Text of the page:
Fifty years ago, Gene Roddenberry’s first “wagon train to the stars” began airing on NBC. Star Trek featured a cast of many nationalities, had people of color in important roles, it commented on the social problems of the day disguised in science fiction, and it was the first time we’d seen humanity out in the stars in a ship meant to not only get us to them, but to explore. It was a show about hope for the future, a future that we continue to ape from today with our cellphones, video conferencing communications, and even equipment you can carry around that will tell you the current and future weather conditions.
Was Star Trek perfect? No. Between all the series that they put out from the ’60s, to the reintroduction of the show again with Next Generation in the ’80s, and up through Star Trek Enterprise, there were some episodes that didn’t work, weren’t necessarily poignant, and some that were just not good sci-fi. I’ve seen a number of articles out there listing the great episodes. There are several guides on how to get through the shows as quickly as possible so you get the most for your streaming buck. These guides don’t necessarily go into much detail, though. They list them, but they don’t rate them or give you much info on them. Star Trek Essentials aims to be a little different. I’m going to go over two episodes each week, review them, and talk about what makes them special.
This time around, we get our first real episode dealing with artificially created life forms, and a trip to a penal colony where mental mind control is the in thing. As a note, I’m not going with broadcast order on these, but rather production order, although for simplicity’s sake I’ve got the episode number as they appear on Netflix for those that want to watch these.
What Are Little Girls Made Of? (Season 1, Episode 7)
The Enterprise is sent to Exo III to find out the fate of archaeologist Dr. Roger Korby. Korby has been missing for five years, living in underground caves and areas left behind by the planet’s previous occupants. Nurse Chapel has a history with Korby and beams down with Kirk to meet with Korby, but two of the security team members that come down with Kirk meet with unfortunate ends before they even meet Korby, only to find out Korby has figured out a way to make Androids that are so well done they can even replace human beings. His first test subject, James Kirk.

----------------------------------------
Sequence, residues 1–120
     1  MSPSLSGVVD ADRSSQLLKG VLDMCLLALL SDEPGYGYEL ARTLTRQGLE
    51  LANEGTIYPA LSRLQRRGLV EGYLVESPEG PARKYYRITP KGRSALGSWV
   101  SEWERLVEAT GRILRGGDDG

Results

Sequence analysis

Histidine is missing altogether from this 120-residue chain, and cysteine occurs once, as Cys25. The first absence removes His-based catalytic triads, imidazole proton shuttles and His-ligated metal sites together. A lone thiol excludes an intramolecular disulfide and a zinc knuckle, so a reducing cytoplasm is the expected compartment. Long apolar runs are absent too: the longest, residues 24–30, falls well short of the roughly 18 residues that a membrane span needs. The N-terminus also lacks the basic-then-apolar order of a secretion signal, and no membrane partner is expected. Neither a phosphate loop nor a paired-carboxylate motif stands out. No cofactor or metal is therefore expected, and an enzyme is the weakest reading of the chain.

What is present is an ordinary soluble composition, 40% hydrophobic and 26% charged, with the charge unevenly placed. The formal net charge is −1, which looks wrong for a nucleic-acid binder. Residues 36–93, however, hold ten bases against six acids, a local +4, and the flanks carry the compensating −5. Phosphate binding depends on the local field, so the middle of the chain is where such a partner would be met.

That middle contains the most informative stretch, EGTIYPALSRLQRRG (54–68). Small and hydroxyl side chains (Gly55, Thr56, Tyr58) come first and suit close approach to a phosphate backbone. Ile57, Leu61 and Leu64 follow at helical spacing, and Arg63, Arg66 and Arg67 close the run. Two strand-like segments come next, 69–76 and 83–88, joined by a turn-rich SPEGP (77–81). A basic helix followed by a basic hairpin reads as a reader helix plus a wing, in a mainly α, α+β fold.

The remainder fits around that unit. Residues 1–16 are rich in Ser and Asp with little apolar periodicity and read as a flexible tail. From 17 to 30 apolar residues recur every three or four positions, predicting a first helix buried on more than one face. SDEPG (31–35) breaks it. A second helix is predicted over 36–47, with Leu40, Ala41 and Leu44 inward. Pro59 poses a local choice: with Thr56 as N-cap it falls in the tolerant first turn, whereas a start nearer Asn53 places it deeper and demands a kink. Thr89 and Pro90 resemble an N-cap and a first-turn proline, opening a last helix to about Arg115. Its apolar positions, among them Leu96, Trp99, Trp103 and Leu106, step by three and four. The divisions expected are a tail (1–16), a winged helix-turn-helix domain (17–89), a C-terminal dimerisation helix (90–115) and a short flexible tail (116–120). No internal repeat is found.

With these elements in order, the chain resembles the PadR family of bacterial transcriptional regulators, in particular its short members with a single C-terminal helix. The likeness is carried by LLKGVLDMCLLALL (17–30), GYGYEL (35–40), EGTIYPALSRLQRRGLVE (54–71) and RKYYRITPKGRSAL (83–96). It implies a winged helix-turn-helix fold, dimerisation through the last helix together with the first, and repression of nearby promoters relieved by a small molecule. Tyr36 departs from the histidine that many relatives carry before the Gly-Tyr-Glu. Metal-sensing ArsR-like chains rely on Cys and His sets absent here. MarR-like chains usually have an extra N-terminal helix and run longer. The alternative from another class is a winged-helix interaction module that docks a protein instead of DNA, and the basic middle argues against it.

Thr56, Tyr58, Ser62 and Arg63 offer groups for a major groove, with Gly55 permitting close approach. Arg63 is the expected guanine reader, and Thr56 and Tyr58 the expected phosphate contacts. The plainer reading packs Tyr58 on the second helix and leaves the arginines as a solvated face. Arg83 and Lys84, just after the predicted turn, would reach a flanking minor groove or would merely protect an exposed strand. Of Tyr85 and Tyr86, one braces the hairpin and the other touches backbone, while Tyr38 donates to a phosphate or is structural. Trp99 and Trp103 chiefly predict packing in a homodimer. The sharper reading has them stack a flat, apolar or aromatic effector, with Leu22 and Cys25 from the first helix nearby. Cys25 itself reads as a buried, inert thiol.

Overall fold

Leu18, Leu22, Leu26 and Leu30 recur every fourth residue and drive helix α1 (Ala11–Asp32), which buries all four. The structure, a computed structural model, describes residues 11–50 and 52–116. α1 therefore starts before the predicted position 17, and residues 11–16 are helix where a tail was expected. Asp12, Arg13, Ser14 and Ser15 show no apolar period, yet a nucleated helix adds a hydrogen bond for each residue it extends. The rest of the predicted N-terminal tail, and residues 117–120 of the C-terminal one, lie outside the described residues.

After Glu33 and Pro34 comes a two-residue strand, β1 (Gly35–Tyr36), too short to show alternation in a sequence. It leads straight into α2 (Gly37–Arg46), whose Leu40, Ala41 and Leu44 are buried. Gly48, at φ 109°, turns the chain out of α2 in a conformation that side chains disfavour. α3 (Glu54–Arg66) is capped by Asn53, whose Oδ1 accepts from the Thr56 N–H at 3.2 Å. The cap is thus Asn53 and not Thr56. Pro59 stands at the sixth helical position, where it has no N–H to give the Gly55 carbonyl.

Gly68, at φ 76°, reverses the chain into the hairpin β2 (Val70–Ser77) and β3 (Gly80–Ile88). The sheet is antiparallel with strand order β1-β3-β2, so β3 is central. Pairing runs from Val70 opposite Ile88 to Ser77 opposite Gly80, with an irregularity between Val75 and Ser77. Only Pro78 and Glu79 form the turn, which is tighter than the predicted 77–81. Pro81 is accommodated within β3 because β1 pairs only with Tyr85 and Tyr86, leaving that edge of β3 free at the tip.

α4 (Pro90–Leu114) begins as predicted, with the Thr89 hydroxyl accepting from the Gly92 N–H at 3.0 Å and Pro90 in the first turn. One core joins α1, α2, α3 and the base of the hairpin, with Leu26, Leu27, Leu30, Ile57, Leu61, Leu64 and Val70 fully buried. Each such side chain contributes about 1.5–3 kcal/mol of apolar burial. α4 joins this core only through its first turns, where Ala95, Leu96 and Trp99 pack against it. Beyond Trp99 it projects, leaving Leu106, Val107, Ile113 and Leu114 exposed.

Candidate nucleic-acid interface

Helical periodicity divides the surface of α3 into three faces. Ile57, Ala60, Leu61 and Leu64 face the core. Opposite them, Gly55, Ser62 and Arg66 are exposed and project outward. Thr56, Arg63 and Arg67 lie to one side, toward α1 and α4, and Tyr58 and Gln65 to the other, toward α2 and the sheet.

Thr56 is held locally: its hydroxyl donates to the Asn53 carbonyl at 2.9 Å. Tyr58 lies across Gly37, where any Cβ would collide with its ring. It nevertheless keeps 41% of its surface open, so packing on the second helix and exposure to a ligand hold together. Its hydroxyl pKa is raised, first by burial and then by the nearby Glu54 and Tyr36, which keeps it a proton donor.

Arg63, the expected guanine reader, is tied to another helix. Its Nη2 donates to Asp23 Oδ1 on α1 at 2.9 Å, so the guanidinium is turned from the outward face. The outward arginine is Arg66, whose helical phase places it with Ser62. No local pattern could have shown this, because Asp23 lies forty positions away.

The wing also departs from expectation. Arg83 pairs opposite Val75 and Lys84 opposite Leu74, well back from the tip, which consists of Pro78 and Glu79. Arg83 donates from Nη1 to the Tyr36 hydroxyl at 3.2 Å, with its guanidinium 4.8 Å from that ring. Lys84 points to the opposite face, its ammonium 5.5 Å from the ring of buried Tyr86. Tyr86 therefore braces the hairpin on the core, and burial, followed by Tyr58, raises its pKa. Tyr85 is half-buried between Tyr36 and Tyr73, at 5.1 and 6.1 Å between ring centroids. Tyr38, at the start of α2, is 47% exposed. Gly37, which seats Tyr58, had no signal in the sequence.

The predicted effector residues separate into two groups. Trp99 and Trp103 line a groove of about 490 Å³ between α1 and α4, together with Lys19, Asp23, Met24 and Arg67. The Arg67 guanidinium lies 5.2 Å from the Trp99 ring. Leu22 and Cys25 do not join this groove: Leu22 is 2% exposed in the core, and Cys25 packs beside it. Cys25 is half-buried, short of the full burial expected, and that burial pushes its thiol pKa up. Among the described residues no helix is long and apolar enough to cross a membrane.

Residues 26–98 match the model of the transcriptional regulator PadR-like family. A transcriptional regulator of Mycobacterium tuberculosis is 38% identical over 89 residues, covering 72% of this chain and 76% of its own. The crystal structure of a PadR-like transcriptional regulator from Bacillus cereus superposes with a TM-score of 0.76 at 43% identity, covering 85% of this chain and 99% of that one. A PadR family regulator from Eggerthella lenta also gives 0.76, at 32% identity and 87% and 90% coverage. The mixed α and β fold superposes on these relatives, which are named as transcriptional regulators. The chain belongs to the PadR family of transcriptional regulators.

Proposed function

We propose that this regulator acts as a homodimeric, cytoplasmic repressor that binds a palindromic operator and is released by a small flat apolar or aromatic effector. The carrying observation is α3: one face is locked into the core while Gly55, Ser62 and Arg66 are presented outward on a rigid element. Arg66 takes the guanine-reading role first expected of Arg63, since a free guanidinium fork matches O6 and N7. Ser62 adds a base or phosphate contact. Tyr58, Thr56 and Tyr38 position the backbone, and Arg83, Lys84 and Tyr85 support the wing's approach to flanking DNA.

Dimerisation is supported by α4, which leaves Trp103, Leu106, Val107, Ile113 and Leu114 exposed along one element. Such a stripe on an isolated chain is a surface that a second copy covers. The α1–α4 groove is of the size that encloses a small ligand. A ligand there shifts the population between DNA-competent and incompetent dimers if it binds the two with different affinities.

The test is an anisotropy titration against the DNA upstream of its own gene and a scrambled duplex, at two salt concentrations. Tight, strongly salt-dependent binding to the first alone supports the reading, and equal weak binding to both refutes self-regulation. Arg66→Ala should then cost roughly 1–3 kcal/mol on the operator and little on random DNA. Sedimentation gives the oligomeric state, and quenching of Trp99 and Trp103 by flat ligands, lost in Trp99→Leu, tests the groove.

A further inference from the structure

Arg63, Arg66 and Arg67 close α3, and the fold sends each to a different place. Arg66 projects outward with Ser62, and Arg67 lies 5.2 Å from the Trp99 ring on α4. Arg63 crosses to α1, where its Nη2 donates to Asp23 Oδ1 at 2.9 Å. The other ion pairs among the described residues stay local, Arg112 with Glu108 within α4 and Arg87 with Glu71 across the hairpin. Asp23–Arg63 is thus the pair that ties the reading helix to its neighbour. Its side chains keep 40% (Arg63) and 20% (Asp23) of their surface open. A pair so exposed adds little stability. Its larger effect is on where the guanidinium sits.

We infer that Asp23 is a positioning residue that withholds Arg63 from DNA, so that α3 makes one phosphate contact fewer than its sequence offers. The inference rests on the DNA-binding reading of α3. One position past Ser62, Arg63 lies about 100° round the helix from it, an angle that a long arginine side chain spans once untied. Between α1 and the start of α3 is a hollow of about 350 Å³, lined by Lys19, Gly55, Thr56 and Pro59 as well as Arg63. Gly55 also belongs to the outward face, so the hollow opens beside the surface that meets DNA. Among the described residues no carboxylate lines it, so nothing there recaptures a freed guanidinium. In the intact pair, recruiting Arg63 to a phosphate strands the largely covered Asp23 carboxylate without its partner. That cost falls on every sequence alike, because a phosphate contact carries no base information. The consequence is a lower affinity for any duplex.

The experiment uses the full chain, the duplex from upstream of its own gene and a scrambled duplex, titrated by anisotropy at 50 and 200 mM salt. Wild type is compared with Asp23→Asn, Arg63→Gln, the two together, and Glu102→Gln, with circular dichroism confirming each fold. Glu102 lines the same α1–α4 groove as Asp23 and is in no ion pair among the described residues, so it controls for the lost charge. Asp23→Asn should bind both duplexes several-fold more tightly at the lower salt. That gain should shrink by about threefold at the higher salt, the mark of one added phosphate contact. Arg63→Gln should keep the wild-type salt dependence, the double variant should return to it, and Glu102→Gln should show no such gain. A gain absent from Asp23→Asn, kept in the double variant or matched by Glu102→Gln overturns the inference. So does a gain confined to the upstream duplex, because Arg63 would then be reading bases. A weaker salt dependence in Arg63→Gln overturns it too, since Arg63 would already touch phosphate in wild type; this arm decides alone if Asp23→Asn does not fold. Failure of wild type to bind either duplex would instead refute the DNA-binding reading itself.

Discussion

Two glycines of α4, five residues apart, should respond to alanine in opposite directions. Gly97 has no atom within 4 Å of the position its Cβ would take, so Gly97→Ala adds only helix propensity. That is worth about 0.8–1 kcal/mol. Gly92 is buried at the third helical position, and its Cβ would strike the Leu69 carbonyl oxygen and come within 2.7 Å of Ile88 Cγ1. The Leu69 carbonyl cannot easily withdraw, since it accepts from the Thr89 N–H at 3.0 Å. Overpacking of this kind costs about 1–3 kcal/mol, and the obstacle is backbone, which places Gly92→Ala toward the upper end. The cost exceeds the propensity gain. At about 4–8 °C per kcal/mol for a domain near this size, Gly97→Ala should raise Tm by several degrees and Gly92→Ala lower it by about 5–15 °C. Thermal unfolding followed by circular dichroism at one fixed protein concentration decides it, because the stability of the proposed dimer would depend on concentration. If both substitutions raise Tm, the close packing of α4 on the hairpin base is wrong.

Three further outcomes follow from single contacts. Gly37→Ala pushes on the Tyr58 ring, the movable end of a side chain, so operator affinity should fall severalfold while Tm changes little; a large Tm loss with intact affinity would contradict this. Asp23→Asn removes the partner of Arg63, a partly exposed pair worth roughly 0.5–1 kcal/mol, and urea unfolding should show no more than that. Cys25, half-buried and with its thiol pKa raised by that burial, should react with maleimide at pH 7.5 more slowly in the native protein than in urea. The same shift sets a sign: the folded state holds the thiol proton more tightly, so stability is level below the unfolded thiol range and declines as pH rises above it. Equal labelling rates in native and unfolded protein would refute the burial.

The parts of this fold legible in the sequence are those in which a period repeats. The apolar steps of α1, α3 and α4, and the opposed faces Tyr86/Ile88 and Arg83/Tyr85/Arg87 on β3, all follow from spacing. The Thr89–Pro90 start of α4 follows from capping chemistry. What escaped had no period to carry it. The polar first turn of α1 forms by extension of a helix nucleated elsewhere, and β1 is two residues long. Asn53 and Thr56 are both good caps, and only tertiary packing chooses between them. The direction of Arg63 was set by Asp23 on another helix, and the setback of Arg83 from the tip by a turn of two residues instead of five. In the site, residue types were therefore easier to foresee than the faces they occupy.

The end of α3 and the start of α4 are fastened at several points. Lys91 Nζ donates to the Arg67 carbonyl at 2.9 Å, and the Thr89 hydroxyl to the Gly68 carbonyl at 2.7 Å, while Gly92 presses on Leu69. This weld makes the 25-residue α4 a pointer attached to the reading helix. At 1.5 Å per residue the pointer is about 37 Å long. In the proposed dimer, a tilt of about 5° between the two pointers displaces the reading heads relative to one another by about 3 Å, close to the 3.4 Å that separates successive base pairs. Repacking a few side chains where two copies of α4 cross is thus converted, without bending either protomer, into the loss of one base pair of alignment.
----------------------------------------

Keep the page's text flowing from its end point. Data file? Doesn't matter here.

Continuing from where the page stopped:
While the make-up effects aren’t necessarily great in this episode, they do have some decent touches. We also get a little bit of Nurse Chapel in this one, along with Kirk, which is nice. It’s one of the first episodes where Kirk uses logic to outsmart some machines as well, which becomes a running staple of the show as it goes on. Kirk does actually try to physically outdo the androids at first, which ends in disaster for him as he’s carried around like a rag doll. The cave is also questionable in its texturing, but overall it’s a pretty well-scripted episode, and Kirk’s idea to clue Spock in that there’s a problem is rather ingenious.
Dagger of the Mind (Season 1, Episode 8)
A routine stop at the Tantalus Penal Colony to drop off supplies and pick up a shipment provides the perfect opportunity for one of the prisoners there to escape. It doesn’t take long for the Colony to realize he’s gone, and after a lengthy hunt through the Enterprise, the crew finds out he’s not a prisoner, but one of the Doctors that worked there, Simon Van Gelder. Something has gone horribly wrong with him, though, as he’s anxious and violent and can’t talk about what’s happened to him without inducing crippling pain in him. Kirk beams down with one of the ship’s psychiatrist’s, Doctor Helen Noel, someone he got a little more involved with at last year’s Christmas party, to try and figure out what’s going on. Things take a dangerous turn when the colony administrator decides to try out the techniques that drove Van Gelder out of his mind on Kirk.
There are a number of good performances in this one. Without Morgan Woodward as the pained and crazed Van Gelder, the episode would kind of fall apart. It’s interesting to see that Kirk does kind of move through the women on board a bit as well instead of just the “alien of the week”. This is one of the first episodes to give us some more on Vulcans with the mind meld. There are some good questions raised on how to deal with the mentally ill, or even what lengths we should be going to cure them. While this one isn’t necessarily great, it did stand out for me going through these again far more than it did in the past.
Born the same year as Star Wars, it seems Ashe was destined to be into films with big impacts, explosions, and laser swords. With a love for sci-fi and horror, Ashe has a thing for games of both the tabletop and video variety. He is living a charmed, married life of sixteen years, along with several cats, a dog, and a bearded dragon. Ashe currently writes for Diehard Gamefan, covering video and tabletop games since 2008. Starting with Cinefessions just a few years ago, he has decided to tackle one of his original passions: film.